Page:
Yaa Gyasi’s Homegoing follows the descendants of two half-sisters from the Gold Coast of Africa. Effia is married off by a cruel mother to a British officer, and remains on the continent; Esi, the daughter of a village chief, is captured and sent as a slave to America.
The novel proceeds as a series of what are almost short stories: snapshots from the lives of Esi and Effia’s descendants, moving down the family line into the present, alternating between Africa and America. While Esi’s descendants deal with the direct effects of slavery, and the Jim Crow laws that came after it, Effia’s reckon with what the trade does to those who remain behind. There is imagery that links the two storylines – a black stone given to Esi by her mother has a significant place in the narrative, and there are hints of a curse affecting the family.
It’s interesting to compare Homegoing to Jennifer Nansubuga Makumbi’s Kintu, another novel featuring a cursed family whose story it tells generation by generation. Although Kintu does have things to say about the influence of the West on Africa, it is very much focused on Uganda: on the lives of people (mostly) embedded in their own country and culture. Homegoing, on the other hand, while it retains a foothold in Ghana, is constantly looking across the sea to America: its story is the story of a family striving to bridge an enormous, traumatic lacuna in their own histories. We get to spend little time with each of its characters, and often the time we do spend with them ends in a mystery that’s never solved. (For instance, the pregnant wife of Jo, Esi’s grandson, disappears soon after the Fugitive Slave Act is passed. It’s presumed that an overeager slave-catcher took her despite her status as a free woman, and we never hear of her again.) The characters of Kintu are able to break the curse on their family partly because they can trace their family back to its beginnings, and bring its surviving members together again. The characters of Homegoing can do no such thing. Despite tracing the history of slavery and the oppression of African-Americans, Gyasi’s novel is a story about being history-less; about people who’ve had their history torn away from them.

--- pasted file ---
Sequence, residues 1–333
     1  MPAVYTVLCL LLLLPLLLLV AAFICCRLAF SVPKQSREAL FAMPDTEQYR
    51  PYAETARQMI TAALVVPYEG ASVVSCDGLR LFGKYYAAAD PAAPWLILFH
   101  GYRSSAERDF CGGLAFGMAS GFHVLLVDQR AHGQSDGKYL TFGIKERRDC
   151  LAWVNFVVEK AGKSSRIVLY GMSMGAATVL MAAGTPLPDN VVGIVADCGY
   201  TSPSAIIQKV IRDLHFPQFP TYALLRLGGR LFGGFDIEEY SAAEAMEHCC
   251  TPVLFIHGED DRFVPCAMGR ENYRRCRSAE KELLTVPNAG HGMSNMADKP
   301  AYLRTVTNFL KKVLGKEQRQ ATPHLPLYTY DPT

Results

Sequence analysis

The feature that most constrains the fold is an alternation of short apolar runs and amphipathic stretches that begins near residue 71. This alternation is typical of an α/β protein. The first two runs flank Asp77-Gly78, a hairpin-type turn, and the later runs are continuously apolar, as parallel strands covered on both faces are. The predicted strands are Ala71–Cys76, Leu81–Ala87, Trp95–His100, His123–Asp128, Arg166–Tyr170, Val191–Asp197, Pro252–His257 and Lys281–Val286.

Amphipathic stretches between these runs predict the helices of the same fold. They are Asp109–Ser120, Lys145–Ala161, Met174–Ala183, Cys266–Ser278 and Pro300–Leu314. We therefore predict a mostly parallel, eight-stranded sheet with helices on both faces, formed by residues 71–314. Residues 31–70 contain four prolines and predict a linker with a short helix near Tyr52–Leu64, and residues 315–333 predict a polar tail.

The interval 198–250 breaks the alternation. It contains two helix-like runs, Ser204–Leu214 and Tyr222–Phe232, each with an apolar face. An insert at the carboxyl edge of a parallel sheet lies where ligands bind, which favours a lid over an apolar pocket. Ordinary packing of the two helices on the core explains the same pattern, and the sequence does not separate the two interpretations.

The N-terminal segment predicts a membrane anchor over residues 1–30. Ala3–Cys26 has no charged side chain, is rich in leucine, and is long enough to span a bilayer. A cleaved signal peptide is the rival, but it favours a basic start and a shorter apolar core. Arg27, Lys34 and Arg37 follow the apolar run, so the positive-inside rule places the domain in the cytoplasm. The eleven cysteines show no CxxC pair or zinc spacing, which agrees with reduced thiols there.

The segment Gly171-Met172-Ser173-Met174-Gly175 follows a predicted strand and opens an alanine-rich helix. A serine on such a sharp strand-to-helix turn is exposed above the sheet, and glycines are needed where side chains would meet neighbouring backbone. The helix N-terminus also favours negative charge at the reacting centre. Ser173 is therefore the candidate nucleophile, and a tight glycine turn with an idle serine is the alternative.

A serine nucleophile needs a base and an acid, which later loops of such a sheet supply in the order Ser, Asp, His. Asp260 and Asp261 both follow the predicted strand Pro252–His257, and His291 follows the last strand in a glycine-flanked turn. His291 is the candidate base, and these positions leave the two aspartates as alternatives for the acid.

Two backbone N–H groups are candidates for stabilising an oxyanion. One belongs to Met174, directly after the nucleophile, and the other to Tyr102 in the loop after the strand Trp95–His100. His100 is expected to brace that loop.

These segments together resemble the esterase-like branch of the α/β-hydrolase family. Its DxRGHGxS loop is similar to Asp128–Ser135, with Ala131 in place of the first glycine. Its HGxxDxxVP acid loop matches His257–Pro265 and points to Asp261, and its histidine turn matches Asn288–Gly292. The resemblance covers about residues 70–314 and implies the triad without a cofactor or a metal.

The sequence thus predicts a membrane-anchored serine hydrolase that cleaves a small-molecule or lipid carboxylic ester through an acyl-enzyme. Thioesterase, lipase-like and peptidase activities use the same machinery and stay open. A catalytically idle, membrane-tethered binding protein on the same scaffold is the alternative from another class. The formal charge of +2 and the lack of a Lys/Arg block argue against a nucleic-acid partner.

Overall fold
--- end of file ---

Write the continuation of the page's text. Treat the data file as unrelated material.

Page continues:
Despite the greater gravity of Homegoing, the horrifying things most of its characters endure, I actually feel I have less…purchase on it, several months after reading it, than I did and do on Kintu (although I’d say I enjoyed both about the same amount at the time). Homegoing‘s regular structure – each chapter around 25-30 pages, the unchanging alternation of the two timelines – is, for this reader at least, a little too neat. I respond better, I think, to books that are baggy, structure-breaking, language-breaking, as Kintu is in its refusal to resolve the fantasy/realism paradox at its heart. Homegoing just doesn’t quite work for me as I think Gyasi intended it to.